I believe one counterpoint to the difficult times we all encounter in life is the natural world, and taking time to both immerse oneself in its beauty and respect its fury. I sometimes need reminding of this, and remember to be grateful. Today I’m grateful, grumblingly so sometimes, for this adventure called writing a book. One of the reasons is the joy of reading others’ words and finding gems there strewn as precious gifts. I was introduced to a blogger who just moved to a rainforest in the Dominican Republic. She writes about a recent visit to the island and discussing the idea of a move there while her daughters were “running through the night under an infinity of stars, chasing fireflies.” That, to her, felt like home—and so their new adventure begins. I wish them well.
It made me think of my family’s decision to move to the same island decades ago. I think it would have been different if my father’s journey was wholly a step forward too. Instead, as well as I can understand it, my father was running away from his demons – which (surprise!) joined him again in his new world. However, despite the devastating effects of his tortured soul, made worse by alcoholism, I truly believe he meant for us to have a life dictated by a more natural way of being. For that I have to thank him. We woke up with the sun and—at least for the first few years when there was no electric power—went to bed by lantern light. We watched in awe as thundering waves destroyed our pier and pitch-poled fishing boats, but also witnessed sunsets that painted calm seas with exuberant color, and the deep chorus of frogs announcing rain. Along with hurricanes and political and familial unrest, my sister and I spent hours playing on a vast empty beach, and our imagination ran free in the salt air. Some nights I used to lie down on our rickety pier and gaze upward at the constellations, then down to phosphorescence illuminating the breaking waves below. I could “see” the underwater marine life by the wake left by the blue luminescence. On the path from the pier to our small house, fireflies swirled around me, their headlights swooping and diving and always just out of reach. On those nights, my own body became part of the shooting stars, the living ocean and the flickering air around me.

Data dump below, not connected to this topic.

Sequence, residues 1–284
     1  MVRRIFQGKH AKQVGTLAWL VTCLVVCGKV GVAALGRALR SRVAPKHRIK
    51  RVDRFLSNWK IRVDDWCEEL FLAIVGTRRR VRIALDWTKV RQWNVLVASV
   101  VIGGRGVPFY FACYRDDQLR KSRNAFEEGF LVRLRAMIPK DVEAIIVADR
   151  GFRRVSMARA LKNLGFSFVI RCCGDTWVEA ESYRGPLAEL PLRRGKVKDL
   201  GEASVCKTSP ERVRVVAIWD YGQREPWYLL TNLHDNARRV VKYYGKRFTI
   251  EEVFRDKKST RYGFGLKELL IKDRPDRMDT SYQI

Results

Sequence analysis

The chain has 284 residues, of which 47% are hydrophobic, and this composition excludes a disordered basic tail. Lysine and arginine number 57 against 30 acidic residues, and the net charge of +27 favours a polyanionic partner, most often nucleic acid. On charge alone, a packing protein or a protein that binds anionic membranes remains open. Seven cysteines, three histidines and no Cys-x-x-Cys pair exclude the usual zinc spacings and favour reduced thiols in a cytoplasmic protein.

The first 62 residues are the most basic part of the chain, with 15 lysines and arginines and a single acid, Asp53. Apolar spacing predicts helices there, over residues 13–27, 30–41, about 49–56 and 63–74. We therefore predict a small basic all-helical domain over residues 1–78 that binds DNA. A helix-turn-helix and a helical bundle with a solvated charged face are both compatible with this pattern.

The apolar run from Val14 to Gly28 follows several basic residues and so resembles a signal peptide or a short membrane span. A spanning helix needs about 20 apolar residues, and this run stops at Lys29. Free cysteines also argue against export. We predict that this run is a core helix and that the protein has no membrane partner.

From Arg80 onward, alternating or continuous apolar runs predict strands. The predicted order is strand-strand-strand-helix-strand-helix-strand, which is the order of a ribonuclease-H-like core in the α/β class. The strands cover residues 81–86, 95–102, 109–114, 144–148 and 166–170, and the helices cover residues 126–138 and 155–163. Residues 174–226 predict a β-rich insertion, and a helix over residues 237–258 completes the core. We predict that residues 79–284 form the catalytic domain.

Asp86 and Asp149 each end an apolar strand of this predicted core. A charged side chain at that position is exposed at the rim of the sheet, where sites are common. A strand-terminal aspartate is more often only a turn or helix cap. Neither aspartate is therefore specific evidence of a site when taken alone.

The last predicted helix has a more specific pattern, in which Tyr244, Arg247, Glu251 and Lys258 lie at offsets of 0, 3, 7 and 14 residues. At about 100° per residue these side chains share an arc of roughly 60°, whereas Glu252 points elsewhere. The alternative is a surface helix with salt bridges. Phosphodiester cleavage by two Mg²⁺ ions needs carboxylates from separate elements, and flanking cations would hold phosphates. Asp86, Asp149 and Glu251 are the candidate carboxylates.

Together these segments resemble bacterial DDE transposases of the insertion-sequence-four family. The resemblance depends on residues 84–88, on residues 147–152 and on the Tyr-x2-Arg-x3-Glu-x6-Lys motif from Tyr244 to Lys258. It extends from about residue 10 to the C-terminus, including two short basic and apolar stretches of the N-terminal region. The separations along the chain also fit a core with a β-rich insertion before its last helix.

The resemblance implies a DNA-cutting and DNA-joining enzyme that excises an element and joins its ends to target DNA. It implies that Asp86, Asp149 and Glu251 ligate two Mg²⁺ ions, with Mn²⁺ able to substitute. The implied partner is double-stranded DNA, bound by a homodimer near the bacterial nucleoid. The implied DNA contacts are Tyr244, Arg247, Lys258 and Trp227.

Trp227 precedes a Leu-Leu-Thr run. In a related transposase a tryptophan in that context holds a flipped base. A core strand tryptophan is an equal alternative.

I write about this in The Coconut Latitudes, describing a recent visit back to what had been our finca house, and to the beach it fronts. “I’m melting despite myself, yielding to this beach, as Daddy did when he gave his heart to the trade winds, to the dance of sunlight on blue water. He gave us this long stretch of sand to play on, to dream on. He gave us fireflies and skies full of stars. We were the rhythm of merengue and the taste of dulce de coco. He gave us chubascos, those swift rainstorms that thundered down like heaven’s fury, and hurricanes, too. So we grew like weeds in this sweet wildness, burnt by the sun, blown away by Daddy’s storms, and yet, like seeds, reborn again.”
And what a gift that was.